- Ph.D., Environmental and Forest Sciences, University of Washington, 2018
- M.S., Environmental and Forest Sciences, University of Washington, 2014
- B.S., Creative Writing and Environmental Science, Oberlin College, 2012
- 40-Hour Hazardous Waste Operation and Emergency Response Certification (HAZWOPER)
- Certified Associate Professional Soil Scientist (APSS)
- Member, Soil Science Society of America
- Member, ABA Section of Environment, Energy, and Resources
Dr. James is a soil scientist specializing in forest management and biogeochemistry. His work explores the environmental impacts of anthropogenic activities such as forest harvesting, prescribed fire, mining, and oil spills.
Dr. James' expertise is analyzing complex ecological and chemical datasets at scales ranging from the whole globe to soil pores using multivariate statistics and machine learning techniques. His research experience includes:
- Sampling soil and groundwater as part of a remedial investigation on a site potentially contaminated with petroleum, heavy metals, and dioxins/furans.
- Tracking the fate and composition of organic matter in fifteen major rivers across the US.
- Investigating the composition of groundwater impacted by petroleum and the biodegradation products from the natural attenuation of oil in soils and sediments using GCxGC mass spectroscopy and Orbitrap liquid chromatography-mass spectroscopy.
- Studying the fate and remediation of inorganics and heavy metals such as lead, barium, arsenic, zinc, and cadmium in environments ranging from tropical to arctic in the context of risk assessment and risk management.
- Synthesizing the scientific literature through meta-analysis and systematic reviews, particularly focusing on the effects of land use change, natural resource management, and climate on forest and agricultural soils around the globe.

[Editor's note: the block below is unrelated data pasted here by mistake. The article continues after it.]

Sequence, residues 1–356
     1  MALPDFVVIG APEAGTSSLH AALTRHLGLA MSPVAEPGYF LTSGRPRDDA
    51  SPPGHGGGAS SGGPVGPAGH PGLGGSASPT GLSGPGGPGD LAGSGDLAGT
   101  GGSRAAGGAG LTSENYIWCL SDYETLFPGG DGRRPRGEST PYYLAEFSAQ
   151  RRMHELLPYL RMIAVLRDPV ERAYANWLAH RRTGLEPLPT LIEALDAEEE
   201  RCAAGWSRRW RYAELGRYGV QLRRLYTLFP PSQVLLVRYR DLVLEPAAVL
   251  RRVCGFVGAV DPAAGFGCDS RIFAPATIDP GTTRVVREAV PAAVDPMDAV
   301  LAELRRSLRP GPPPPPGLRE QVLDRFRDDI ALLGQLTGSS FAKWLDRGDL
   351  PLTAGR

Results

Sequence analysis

Dr. James has consulted for both government and industry clients, focusing on remediating heavy metals contamination from mines and smelters to prevent ecological and human health effects. He has also worked with industrial forest resource companies, non-profits, and the US Forest Service to provide research that facilitates context-specific decision-making.
Dr. James has expertise in evaluating organic matter structure, composition, and fate in both terrestrial soils and freshwater ecosystems. He has used chromatography and spectroscopy of soil and dissolved organic matter in both natural and oil spill contexts across spatial scales ranging from soil pores to whole continents. He examines multi-dimensional organic matter datasets using multivariate and machine learning statistical tools including ordinations, hierarchical clustering, PERMANOVA, and partial least squares regression to identify how shifts in organic matter composition relate to climate, remotely sensed indices of vegetation growth (NDVI & EVI), land use, and anthropogenic activities. He has also used these techniques to evaluate the natural attenuation, transformation, and degradation of dissolved hydrocarbons that affect environmental fate and transport.